The evolution of electronic social media presents numerous complications in regulating employee conduct which may cause problems for the public sector employer. Employers must carefully balance liability considerations with privacy issues when regulating an employee’s non-work related communications on work-issued computers, cell phones or other electronic devices.
It is inevitable that municipal employers will hire employees, or candidates will be elected, who use Facebook, MySpace, Twitter, Friendster, LinkedIn or some other form of social media. However, public entities need to consider the potential liability and risk due to employee activities on these sites, both on-duty and off-duty.
Municipal employers face potential liability from employee use of social networking sites or blogging, including claims for:
- Confidentiality breaches
- Disclosure of trade secrets
- Intellectual property infringement
- Trade libel
- Harassment suits
- Discrimination and retaliation claims
- Wrongful termination claims
In order to minimize liability from such claims, all employers should consider the risks inherent in employee use of these sites and whether to revise and supplement their policies in response.
Social Networking Sites and the First Amendment Social networking sites are “public forums.” Therefore, statements made on such sites raise issues of First Amendment free speech protection. However, if a public employee makes a comment related to their position as a public employee their comments may not be protected by the First Amendment. In 1968, the United States Supreme Court established in Pickering v. Board of Education that a public employee’s statements are protected by the First Amendment if the employee makes those statements as a private citizen on a matter of public concern—unless their speech creates a workplace disruption that is greater than the value of the speech. In the 2006 case of Garcetti v. Ceballos, the Court refocused that analysis, holding that when a public employee makes statements pursuant to their official duties, the employee is not speaking as a citizen for First Amendment purposes. Therefore, they are not protected by the Constitution and may be subject to employer discipline. If a public employer becomes aware of comments made by their employee on a social networking site which relate to their employment, that speech may not be protected. If those comments disparage the employer or those members of the public that the employer serves, or otherwise are disruptive to the employer’s interest, the employee may be disciplined for those statements.
When formulating or reviewing an electronic communications or internet usage policy a public sector employer is well advised to warn employees to consider the appropriateness of work-related comments on their social networking pages. Employees should be made aware that their work-related comments, regardless of whether made while on-duty or off-duty, can be grounds for discipline.
Restricting Use of Personal Phones
Many employees check and update their social networking pages while on duty. Although many employers have policies restricting non-work use of the internet, these policies often allow for occasional use during break time. These policies typically restrict only the use of work computers and wireless networks without referencing an employee’s use of his or her personal phone. Technology has advanced to the point where a personal phone can do many of the same things a personal computer can, including updating social networking pages. An employee could easily be distracted from their duties by their phone responding to messages or updating such sites. In order to curtail these distractions, modifying cell phone or personal call policies to limit access to cell phones during work time can be helpful.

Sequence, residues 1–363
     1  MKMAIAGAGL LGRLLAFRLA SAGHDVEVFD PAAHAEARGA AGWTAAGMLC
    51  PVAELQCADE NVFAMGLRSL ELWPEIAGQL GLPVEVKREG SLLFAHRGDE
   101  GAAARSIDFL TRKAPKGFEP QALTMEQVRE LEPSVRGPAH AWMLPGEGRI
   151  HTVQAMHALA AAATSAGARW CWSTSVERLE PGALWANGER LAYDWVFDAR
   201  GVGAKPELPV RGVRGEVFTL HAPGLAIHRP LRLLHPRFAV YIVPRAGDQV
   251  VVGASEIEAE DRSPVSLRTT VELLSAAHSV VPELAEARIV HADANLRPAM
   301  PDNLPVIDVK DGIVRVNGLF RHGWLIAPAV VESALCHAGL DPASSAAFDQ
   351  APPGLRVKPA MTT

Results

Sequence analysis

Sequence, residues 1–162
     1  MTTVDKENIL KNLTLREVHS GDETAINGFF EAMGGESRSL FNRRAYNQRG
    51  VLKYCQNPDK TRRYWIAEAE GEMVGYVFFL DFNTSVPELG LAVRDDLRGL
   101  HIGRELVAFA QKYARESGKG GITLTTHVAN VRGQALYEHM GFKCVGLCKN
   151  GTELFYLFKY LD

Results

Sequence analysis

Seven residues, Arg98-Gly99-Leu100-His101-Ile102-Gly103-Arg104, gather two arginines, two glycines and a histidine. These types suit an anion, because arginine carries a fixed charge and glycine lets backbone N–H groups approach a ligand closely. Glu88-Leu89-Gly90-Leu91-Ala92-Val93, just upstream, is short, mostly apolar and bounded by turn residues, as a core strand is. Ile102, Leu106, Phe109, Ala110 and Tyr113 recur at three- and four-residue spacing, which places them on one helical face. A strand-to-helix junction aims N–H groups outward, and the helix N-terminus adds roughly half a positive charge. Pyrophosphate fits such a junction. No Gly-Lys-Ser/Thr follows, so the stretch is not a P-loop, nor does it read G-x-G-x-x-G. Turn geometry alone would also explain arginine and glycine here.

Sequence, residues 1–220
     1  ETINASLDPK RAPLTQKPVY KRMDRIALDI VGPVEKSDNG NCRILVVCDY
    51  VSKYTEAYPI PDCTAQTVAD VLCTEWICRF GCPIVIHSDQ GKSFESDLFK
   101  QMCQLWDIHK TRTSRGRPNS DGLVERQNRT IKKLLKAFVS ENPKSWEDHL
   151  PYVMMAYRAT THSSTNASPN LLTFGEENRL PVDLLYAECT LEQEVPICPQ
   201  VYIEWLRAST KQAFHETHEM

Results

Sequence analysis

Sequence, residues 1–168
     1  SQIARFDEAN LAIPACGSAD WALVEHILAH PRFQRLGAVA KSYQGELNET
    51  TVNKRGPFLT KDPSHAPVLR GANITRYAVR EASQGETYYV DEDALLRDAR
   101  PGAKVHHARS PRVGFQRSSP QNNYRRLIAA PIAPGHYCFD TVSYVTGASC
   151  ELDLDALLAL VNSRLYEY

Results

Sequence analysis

Many professions have “listservs,” which are email chains devoted to a particular profession in which members discuss current issues, new projects or difficulties they encounter. While these networking tools provide easy access to free information and allow employees to learn from their peers, employers should make it clear that employees should carefully consider what they disclose on these listservs. In describing a project, employees could inadvertently disclose confidential information. Additionally, employees could disclose confidential information about a client which not only breaches confidentiality, but also embarrasses their employer.
Employees should be told to describe any projects, if at all, as vaguely as possible. A listserv member is not capable of knowing who is in the audience when posting to a listserv. It is possible that their primary competitor or opponent could be a member of the listserv, receiving advance notice of any advances or tactical moves made by the posting individual.
Becoming “Friends” With Co-Workers, Supervisees and Clients
All employers strive for an atmosphere of collegiality and good morale. However, workplace friendships and social relationships add a component of “familiarity” which can interfere with professional relationships.
Many social networking sites such as Facebook or Friendster, offer the opportunity for its members to become “friends,” allowing these individuals access to the poster’s personal information. This information may include an indication of whether someone is a member of a protected category, such as religious affiliation, veteran status, national origin, etc.
Once an employee “friends” a co-worker or supervisor, that co-worker/supervisor has access to this personal information. With this access, the “friend” could assume many things based on the employee’s group affiliations, including membership in a protected category. In turn, the employer becomes privy to any knowledge of the employee’s life which could be gleaned from the site, even if the supervisor does not check the site regularly. An employer could learn the employee’s religious affiliation, sexual orientation or other protected classes which are not always evident to an employer. If the employer then is accused of treating the employee differently, notice of protected class memberships could be assumed.